200 medley relay
THEY ARE WHO WE THOUGHT THEY WERE! The Cal men’s 200 medley relay was as good as advertised: dynamite. Cal stormed out to a lead early in this meet and took the men’s 200 medley in a Championship Record of 1:23.92. The Golden Bears put up four great splits (Guy Barnea-21.74, Damir Dugonjic-23.31, Graeme Moore-20.37, Nathan Adrian-18.50), but Dugonjic’s mark was the most impressive. After that swim, I don’t think there’s anyway that he doesn’t take the 100 breaststroke.
In an interesting bit of strategy (that runs counter to what they did last year, and throughout most of this season), Cal put Adrian on this relay instead of Josh Daniels. In 2010 (with effectively the same roster), they used Adrian at the 800 free relay, where they are especially weak. As we would see later on in this session, they kept him off of the 800 here. I expect that this is a strategy issue specifically for Pac-10’s (because they probably wouldn’t have won that race anyways) in order to feel very confident about four relay victories. With this fouresome, however, their time was the best in the country by a full-second, so even with the Adrian-for-Daniels swap, they still have a solid cushion.
The Arizona Wildcats touched the wall second, in 1:25.11, but didn’t earn any points after DQ’ing their relay. This was only after Adam Small split an 18.64 on the anchor leg. The DQ let the Stanford men jump up and take second (including a ridiculous 20.17 butterfly split from Austin Staab). It appears that both Staab and Cal’s Moore have a chance at splitting an unreal 19-point on the fly leg at NCAA’s.
USC (3rd-1:26.01) also had an awesome anchor split, with theirs being an 18.63 from freshman Vlad Morozov. All 4 of these relays (assuming Arizona time-trials later in the race) should be safely into NCAA’s.
800 free relay
Stanford, USC, and Cal (even without Adrian) all scored NCAA automatic-qualifying times in the men’s 800 free relay. Stanford scored the win in 6:19.17. There was nothing mindblowing on the relay, but they got four very solid swims to take this win. The best amongst those was a 1:34.01 on the third-leg from junior Morgan Priestly. This time puts them third in the country, though it’s a solid third behind Florida and Virginia.
Second-place USC (6:20.88) and third-place Cal (6:21.13) were much more up-and-down. USC had awesome bookend swims (1:33.37 lead-off from senior Lefert, 1:33.70 anchor from freshman Dimitri Colupaev), but also had a 1:37.6 and 1:36.4 in there. As for Cal’s relay, Tom Shileds’ lead-off was massive. I got a note from David Rieder facetiously asking “Shields out in a 1:08, is that fast?” My initial reaction was that it must’ve been a typo, thinking that it was a 100 split. It turns out that this was his 150 split, which yes, makes it extremely fast. He ended up touching in 1:32.88: the 5th best time in the country and best of his career by two seconds. This is an important benchmark swim for him, as the 200 free will be the second half of his dirty-double at NCAA’s (with the 100 fly), and he might need a little time-cushion to stay in the top 8.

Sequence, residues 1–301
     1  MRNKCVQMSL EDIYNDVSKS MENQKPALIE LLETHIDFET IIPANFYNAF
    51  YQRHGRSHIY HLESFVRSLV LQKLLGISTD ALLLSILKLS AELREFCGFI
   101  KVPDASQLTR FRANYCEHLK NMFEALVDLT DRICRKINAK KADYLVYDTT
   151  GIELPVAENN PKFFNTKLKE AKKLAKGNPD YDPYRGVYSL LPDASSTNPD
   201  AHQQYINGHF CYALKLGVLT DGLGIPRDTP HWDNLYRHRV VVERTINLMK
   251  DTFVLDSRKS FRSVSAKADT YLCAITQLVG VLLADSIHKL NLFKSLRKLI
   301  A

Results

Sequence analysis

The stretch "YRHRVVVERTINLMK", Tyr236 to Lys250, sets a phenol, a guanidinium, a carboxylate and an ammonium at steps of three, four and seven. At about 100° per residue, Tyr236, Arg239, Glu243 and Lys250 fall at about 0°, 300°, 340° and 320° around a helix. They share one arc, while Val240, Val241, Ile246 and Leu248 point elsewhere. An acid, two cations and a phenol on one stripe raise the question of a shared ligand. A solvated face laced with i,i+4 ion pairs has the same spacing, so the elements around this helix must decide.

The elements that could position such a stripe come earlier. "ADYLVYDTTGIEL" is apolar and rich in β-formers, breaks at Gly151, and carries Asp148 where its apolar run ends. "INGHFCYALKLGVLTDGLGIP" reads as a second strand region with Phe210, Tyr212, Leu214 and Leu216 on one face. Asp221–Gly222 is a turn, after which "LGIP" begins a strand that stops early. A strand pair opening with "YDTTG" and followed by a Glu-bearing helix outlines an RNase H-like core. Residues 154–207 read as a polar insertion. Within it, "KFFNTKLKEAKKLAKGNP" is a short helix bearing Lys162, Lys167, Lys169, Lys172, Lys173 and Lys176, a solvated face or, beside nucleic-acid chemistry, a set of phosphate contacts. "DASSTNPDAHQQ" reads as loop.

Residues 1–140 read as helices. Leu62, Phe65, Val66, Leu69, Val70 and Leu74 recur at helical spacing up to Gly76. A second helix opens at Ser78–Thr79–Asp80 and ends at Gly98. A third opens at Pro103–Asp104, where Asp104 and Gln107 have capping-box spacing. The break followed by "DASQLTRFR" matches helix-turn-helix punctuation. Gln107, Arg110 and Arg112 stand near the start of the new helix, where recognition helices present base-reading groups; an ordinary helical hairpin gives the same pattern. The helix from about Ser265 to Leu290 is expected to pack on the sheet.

Arizona was 4th in 6:24.23. That time probably won’t get invited on its own, but all four relay members are very likely to qualify in other events, so they can cobble the relay together in Minneapolis if they need to.
There’s never much significance to day 1 scores at these meets, since the meet schedules are so brief (that is, aside from DQ’s). Stanford and Cal both did exactly what they needed to do on the first day, as did USC. Arizona will now be fighting an uphill battle to get back into the top four, though I expect them to get there on the strength of Cory Chitwood’s individual events.
1. Stanford Cardinal 74
2. Cal 72
3. USC 66
4. UC-Santa Barbara Gauchos 58
5. Arizona State Sun Devils 54
6. Arizona Wildcats 30
7. Cal Poly Mustangs 26